New chapter with Saudis feted
Restored ties pave way for jobs, growth
Thailand and Saudi Arabia have agreed to fully restore diplomatic relations, opening a new chapter in their relations and creating opportunities for bilateral cooperation and development between the two kingdoms.
Upon his return from a one-day official visit to Riyadh, Prime Minister Prayut Chan-o-cha hailed the visit as a tremendous success, marking an end to three decades of strained relations and a beginning of cooperation for mutual benefit.
"Both countries have agreed to fully restore diplomatic ties including the appointment of ambassadors and will consider setting up mechanisms to strengthen bilateral cooperation,'' he said.
Saudi Arabia downgraded diplomatic ties with Thailand and adopted a number of measures after the murder of Saudi diplomats and the disappearance of a Saudi businessman in Bangkok following the theft of Saudi state gems in 1989.
These included replacing the head of its diplomatic mission with a charge d'affaires, prohibiting Saudi Arabian nationals from travelling to Thailand, and stopping Thai workers from being employed in the Middle East nation.
There have been a number of attempts to repair relations between the countries over the years. Gen Prayut's visit at the invitation of His Royal Highness Prince Mohammad bin Salman bin Abdulaziz, crown prince, this week has been heralded as a historic breakthrough.
"I'm overwhelmed with the vast opportunities that both nations are likely to gain from normalising relations," he said on his Facebook page.
He said Thailand and Saudi Arabia can expect to benefit in nine key areas, namely: tourism, energy, labour, food, healthcare, security, education and religion, trade and investment, and sports.
Tourism will promote more contact between the two nations and is expected to generate at least 5 billion baht in income for Thailand, he added.
On energy, both nations are expected to pursue joint research and investment in conventional, clean and renewable energy in line with strategic goals.
Thailand's bio-circular and green (BCG) economy model also corresponds with the Saudi Green Initiative and the Middle East Green Initiative, Gen Prayut said.
"The full restoration of diplomatic ties will also create job opportunities for the country's skilled and semi-skilled workers as Saudi Arabia proceeds with infrastructure schemes,'' he added.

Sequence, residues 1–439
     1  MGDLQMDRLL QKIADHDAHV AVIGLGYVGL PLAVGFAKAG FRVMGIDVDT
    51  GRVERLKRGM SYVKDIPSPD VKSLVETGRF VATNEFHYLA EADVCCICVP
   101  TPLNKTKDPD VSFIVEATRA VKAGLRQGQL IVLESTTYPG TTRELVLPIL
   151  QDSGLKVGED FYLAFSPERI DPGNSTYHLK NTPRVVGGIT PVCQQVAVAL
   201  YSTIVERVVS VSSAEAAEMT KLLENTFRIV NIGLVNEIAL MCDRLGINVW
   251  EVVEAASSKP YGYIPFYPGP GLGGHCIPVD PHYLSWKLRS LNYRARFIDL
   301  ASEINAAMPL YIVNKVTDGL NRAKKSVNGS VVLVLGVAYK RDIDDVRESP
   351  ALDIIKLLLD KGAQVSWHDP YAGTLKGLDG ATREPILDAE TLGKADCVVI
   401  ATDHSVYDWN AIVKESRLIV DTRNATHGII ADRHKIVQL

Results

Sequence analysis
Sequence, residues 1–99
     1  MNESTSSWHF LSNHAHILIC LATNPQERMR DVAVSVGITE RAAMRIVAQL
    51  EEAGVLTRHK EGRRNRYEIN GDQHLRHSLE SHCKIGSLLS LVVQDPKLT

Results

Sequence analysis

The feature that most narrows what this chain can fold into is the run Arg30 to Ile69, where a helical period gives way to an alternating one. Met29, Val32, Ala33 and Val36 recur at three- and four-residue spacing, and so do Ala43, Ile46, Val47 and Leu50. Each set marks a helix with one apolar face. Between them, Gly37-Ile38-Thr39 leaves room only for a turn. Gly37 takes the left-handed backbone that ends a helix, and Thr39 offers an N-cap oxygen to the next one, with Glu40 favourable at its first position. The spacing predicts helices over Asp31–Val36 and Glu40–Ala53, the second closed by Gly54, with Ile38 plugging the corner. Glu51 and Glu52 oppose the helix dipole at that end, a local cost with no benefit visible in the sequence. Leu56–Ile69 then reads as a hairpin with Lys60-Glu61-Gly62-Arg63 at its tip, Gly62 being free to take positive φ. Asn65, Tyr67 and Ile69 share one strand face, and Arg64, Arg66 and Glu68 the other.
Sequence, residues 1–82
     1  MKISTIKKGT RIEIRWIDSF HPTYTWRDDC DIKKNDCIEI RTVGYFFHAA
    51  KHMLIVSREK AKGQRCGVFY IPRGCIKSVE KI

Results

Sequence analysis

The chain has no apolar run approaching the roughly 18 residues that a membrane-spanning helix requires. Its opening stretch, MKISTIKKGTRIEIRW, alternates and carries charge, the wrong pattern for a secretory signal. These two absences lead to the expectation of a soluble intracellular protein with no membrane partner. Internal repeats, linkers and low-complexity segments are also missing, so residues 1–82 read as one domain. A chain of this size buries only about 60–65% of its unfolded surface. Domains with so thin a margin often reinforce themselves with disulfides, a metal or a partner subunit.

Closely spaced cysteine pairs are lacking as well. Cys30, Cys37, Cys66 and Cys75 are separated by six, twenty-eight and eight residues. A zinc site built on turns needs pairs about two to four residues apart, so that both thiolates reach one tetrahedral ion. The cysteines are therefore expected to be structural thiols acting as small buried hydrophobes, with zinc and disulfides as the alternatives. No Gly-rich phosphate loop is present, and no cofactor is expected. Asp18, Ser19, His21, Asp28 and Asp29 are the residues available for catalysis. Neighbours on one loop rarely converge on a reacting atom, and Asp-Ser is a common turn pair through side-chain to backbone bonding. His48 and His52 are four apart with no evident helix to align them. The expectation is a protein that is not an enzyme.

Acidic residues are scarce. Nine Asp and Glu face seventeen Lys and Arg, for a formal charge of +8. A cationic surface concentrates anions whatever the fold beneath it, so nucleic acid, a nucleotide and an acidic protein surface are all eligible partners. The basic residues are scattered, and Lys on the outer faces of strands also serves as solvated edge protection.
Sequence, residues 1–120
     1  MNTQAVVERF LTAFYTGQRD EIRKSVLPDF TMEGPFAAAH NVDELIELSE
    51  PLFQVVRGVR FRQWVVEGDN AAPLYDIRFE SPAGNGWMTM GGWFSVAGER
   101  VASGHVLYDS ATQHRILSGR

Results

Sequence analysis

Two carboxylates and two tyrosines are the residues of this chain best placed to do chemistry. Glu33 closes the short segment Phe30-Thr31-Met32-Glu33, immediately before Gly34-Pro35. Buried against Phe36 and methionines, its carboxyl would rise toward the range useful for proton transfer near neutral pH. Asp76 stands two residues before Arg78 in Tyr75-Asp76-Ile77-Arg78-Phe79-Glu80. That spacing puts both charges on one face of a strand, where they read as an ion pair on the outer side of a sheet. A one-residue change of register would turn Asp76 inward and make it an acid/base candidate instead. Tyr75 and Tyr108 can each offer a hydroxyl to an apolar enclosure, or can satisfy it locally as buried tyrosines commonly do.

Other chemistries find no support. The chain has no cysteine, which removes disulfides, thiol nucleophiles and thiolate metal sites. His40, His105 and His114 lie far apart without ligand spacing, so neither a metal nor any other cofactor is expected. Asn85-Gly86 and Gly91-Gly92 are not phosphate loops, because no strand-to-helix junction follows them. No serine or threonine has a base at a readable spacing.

In 1987, Thailand sent about 300,000 workers to Saudi Arabia who generated more than 9 billion baht for the country. Those labour cooperation arrangements will be brought back with Thai workers expected to contribute to Saudi Vision 2030, a strategic framework for economic and social development, Gen Prayut said.
He said restored relations will also help expand the country's medical tourism sector.
On security, Saudi Arabia, a core member of the Organisation of Islamic Cooperation (OIC), can promote the Thai government's efforts to restore peace to the deep South.
The two countries can also intensify bilateral cooperation in religious education and exchanges of knowledge in other fields.
Gen Prayut said restoration of diplomatic ties will also open doors to trade and investment.
While Thai investors and SMEs can pursue business opportunities and partnerships in the Middle East, Saudi Arabia can seek to invest in Thailand's special economic schemes such as the Eastern Economic Corridor (EEC) via its Saudi Wealth Fund.
Gen Prayut said Thailand is ready to elevate bilateral relations to new heights and expand this to multilateral cooperation.
Labour Minister Suchart Chomklin, part of Gen Prayut's delegation, said Saudi Arabia welcomes labour cooperation as it seeks 8 million skilled workers in services, hospitality, healthcare and construction projects.
Mr Suchart said he asked the Thai labour office in Riyadh to coordinate with Saudi authorities on forms of labour cooperation.
As of December, there were 1,345 Thais working in Saudi Arabia.